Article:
Of all the things I saw in my time playing Remnant 2, by far the coolest parts were the procedurally generated worlds I spent my time battling my way through. Like the first game, this soulslike sequel creates a fresh set of areas and enemy spawns for each player, so your time fighting the enemies of humanity feels bespoke and unique. But where Remnant: From the Ashes mostly changed up the rooms and enemy spawn points depending on what you rolled, Remnant 2 designs its randomization to change up absolutely everything: from the biome and enemy types within it to the bosses you face – even the NPCs and storylines you encounter along the way.
One area I saw in my time with Remnant 2 was Yaesha, which returns from the first game but has now been completely taken over and corrupted by The Root. But each time I played through it, I saw completely different versions of this world that were shockingly unique. In my first playthrough Yaesha appeared as a heavily wooded area filled with lizard-like creatures that would crawl down from trees to ambush me, but in my second run, those woods were replaced with a series of floating islands that were home to hovering tentacled aliens that attacked from above and surrounded me with deadly, homing attacks. In a third blitz through the exact same area, I found myself inside a dark temple almost the entire time, where I was required to make use of my flashlight as creepy cultists waited to sacrifice me to their dark deity.
It’s not just that rooms were procedurally generated – every playthrough felt like a completely different biome altogether and was home to a unique set of enemies that, while definitely part of the same family of baddies occupying Yaesha, were starkly different experiences. When you first visit Yaesha in whatever version of it you roll, it will be generated from several different options, meaning you might end up in a cultist’s temple while your friend finds herself fighting squid-like enemies on floating islands.
And that’s not by accident. As Gunfire Games’ CEO, David Adams, explained: “The way that works in the game is that all the quests, all the events, are all randomized. So if you go in and you fight a miniboss, and another player goes in and fights a miniboss in an area, they might have a completely different boss. You might have different events. There’s different random events that occur in the game, and even the layouts of the dungeons change.”
That’s right – the bosses you come across in Remnant 2 will be randomized based on which storyline or version of the world you end up with. When I played through the version of Yaesha that took place inside a cultist temple, the boss I fought at the end was the object of those worshippers’ devotion that threatened to drive my character insane, while the one I fought at the end of the forest version occupied by lizards was a giant monster plant that bombarded me with explosive spores.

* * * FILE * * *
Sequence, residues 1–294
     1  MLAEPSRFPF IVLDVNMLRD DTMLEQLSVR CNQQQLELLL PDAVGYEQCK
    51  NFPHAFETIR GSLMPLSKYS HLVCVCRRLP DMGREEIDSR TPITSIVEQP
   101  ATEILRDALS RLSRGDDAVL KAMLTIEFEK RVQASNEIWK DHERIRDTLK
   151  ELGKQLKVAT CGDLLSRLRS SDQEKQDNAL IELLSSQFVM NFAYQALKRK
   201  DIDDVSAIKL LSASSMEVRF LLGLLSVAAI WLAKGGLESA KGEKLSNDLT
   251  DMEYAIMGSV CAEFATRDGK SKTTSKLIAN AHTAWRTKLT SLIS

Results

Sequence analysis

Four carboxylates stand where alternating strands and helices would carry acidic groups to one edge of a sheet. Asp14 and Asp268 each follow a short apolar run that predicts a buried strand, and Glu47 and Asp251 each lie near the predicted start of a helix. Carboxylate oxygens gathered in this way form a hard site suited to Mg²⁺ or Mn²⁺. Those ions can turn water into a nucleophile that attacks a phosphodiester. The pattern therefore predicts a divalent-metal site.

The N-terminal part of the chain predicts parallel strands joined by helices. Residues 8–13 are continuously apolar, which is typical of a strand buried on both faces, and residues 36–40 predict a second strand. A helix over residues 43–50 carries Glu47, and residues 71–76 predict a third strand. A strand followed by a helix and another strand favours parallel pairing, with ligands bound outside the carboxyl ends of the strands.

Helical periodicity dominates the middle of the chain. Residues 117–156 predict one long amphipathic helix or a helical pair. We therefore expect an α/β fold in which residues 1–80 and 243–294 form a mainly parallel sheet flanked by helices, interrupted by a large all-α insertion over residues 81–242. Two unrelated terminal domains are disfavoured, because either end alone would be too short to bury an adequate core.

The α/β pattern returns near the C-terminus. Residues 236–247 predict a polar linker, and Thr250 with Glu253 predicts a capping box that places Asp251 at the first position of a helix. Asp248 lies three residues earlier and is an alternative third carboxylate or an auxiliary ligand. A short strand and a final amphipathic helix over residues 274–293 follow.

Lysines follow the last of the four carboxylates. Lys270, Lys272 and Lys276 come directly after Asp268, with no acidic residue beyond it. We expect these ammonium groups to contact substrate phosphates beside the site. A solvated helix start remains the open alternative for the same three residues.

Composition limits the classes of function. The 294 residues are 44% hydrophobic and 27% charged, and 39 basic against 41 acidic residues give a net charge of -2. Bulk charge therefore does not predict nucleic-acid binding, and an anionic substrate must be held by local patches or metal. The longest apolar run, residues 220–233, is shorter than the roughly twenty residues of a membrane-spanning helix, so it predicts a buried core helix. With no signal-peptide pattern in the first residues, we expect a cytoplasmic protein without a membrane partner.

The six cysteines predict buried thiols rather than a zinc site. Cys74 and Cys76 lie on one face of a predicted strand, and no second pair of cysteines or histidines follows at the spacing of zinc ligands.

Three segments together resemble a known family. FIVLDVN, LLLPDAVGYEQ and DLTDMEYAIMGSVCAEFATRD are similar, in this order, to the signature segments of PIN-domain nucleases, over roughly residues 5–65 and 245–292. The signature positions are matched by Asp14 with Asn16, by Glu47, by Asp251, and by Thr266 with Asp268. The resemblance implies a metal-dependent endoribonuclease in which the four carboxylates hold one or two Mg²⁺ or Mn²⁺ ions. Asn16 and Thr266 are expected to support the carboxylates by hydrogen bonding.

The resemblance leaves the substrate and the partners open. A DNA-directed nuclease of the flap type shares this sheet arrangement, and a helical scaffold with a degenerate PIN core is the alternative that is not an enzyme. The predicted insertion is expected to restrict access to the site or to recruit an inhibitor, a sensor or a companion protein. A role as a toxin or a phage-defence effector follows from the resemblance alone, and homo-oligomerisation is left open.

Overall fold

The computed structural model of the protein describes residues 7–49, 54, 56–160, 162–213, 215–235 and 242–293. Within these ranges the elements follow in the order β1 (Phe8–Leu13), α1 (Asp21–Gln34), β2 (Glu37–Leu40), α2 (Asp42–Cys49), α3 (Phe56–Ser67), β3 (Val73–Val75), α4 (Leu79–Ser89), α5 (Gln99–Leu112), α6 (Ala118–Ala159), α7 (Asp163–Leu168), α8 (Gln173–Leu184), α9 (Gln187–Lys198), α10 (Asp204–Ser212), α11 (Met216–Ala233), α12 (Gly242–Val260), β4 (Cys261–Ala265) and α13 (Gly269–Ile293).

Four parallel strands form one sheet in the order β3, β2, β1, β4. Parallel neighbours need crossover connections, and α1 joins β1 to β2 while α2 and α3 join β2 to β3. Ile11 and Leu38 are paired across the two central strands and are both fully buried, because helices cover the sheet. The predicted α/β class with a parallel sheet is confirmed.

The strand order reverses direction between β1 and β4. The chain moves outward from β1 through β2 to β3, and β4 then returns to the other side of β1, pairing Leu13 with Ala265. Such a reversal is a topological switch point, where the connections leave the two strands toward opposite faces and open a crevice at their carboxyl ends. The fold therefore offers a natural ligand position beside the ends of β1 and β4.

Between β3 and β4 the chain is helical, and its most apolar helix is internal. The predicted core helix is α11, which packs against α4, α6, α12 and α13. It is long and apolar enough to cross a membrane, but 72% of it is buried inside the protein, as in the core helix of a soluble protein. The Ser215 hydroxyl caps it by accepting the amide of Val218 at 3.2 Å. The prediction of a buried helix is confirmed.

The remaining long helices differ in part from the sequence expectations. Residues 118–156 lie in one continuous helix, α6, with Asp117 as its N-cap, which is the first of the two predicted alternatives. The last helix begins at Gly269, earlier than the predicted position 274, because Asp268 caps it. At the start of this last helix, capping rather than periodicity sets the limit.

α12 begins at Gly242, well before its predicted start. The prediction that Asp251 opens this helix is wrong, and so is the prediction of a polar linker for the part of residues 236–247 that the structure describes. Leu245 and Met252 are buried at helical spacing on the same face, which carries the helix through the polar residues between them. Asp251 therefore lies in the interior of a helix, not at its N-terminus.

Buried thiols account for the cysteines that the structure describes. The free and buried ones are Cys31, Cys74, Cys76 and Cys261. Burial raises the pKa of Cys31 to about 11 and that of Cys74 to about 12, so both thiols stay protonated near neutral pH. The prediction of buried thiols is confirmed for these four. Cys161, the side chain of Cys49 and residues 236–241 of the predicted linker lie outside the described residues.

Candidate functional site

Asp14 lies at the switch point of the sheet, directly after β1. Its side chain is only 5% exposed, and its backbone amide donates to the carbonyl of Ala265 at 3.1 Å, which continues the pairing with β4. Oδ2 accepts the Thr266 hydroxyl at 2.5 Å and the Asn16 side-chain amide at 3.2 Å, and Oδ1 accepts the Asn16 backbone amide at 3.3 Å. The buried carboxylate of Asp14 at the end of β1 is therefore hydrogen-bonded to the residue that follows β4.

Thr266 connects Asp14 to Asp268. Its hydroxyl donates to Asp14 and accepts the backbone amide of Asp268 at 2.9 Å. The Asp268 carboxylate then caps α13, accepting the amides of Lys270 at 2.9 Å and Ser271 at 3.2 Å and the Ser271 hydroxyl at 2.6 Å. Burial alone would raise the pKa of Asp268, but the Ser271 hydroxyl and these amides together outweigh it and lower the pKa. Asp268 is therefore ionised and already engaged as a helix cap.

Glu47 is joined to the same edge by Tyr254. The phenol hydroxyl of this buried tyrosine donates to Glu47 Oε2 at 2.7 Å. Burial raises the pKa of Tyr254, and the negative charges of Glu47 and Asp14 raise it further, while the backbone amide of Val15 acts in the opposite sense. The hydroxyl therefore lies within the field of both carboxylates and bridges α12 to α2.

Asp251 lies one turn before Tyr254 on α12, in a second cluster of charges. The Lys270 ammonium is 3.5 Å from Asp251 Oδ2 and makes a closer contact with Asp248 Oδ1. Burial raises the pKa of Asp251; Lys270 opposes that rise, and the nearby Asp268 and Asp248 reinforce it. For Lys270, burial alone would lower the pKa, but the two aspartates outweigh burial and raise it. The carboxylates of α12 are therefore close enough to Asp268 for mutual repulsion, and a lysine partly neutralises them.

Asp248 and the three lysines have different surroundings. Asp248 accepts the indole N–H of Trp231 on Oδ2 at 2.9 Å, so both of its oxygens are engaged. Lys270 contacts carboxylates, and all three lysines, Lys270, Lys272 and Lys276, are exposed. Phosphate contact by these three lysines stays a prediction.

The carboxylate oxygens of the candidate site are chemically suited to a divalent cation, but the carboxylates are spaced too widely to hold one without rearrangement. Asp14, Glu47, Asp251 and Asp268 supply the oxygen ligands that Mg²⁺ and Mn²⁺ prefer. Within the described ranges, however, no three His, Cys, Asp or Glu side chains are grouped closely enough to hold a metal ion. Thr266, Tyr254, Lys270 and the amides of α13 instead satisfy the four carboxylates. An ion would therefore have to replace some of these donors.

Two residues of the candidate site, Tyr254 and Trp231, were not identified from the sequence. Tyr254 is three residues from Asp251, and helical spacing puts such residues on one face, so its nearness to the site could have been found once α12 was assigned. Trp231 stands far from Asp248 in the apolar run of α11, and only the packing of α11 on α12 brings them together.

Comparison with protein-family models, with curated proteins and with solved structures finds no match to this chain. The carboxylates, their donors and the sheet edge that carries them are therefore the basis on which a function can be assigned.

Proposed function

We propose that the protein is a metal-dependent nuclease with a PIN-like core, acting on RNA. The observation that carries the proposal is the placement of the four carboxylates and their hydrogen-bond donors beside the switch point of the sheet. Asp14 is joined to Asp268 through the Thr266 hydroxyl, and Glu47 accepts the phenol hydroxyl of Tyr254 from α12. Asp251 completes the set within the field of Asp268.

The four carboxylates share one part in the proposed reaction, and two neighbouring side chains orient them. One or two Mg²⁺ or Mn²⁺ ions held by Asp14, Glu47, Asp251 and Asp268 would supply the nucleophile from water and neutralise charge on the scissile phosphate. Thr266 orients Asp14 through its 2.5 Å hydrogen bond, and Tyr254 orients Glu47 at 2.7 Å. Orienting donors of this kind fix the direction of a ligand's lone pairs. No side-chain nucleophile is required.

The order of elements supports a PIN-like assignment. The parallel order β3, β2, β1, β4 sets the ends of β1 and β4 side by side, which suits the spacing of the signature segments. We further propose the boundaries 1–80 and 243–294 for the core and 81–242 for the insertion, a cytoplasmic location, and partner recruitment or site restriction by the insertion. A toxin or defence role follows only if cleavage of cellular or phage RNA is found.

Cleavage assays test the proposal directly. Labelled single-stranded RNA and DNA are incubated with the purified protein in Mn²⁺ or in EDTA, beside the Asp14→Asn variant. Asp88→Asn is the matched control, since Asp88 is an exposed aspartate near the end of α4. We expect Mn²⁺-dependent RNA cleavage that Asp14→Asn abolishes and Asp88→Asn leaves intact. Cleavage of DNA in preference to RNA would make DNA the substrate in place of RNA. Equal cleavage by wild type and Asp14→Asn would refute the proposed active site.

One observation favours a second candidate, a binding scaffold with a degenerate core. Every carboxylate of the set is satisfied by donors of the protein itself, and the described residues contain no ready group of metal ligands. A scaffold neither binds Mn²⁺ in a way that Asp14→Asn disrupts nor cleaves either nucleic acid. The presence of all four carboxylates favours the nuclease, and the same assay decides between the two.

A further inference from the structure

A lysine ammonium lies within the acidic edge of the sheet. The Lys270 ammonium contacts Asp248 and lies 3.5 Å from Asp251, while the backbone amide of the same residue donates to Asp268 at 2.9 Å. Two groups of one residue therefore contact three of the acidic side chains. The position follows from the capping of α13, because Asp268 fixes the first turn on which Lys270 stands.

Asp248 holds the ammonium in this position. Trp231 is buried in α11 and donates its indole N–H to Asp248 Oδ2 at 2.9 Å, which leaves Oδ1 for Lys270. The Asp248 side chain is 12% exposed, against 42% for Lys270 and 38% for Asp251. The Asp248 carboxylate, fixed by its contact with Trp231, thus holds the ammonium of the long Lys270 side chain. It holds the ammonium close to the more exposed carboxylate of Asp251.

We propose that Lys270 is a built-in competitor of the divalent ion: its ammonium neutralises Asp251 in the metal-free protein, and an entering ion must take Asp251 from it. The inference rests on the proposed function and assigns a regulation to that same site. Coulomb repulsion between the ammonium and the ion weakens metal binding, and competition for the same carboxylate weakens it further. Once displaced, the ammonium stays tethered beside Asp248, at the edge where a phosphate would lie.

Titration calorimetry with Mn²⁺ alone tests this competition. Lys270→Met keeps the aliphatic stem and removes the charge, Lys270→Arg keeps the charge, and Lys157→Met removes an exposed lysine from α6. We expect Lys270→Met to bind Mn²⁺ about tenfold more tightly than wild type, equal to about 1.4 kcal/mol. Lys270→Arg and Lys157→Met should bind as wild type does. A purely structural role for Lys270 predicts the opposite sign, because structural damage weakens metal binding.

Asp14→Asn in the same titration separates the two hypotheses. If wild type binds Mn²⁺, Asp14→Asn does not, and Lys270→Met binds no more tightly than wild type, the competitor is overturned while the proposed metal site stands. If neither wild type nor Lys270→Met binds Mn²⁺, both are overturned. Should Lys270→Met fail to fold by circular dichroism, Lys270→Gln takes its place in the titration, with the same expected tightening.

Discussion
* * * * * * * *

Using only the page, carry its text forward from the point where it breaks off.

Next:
Not only that, but the NPCs and quests I encountered in each version of Yaesha differed. In one I met a bizarre musician and tried to solve a musical puzzle as part of my adventure, while in another I met the Pan Empress, who asked me to help her out with a problem threatening her people. Depending on which storyline I rolled, my journey in Yaesha went in completely different directions, which made every playthrough feel completely fresh and exciting. I can only imagine the confusion and amusement that will bring when Remnant 2 is in the hands of players, as they experience vastly different versions of the same game.
“That’s our dream, is you’re either talking to each other while you’re playing or you come back from work, or you’re watching a stream and you’re like, wait, that’s not what I did,” Dave told me, before acting out what that might look like. “‘Where are you stuck?’ ‘Oh, I got stuck on this boss. He’s this guy with big horns and he does this weird move,’ and you’re like, ‘I’ve never even seen that guy. I don’t even know what world you’re talking about.’ And we think that’ll be pretty unique for the player.”
The mission was personal for Gunfire’s CEO, who told me, “The main reason we wanted to do procedural generation is because we didn’t want people to experience the same thing twice. I have an anecdote where I can’t play a game more than once for some reason. If I’ve done something, I can’t do it again. So the huge incentive here was like, hey, I want to make a game that I would actually play through more than once.”
We’ll have much more on Remnant 2 as our exclusive IGN First coverage continues all March long!
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Author: Travis Northup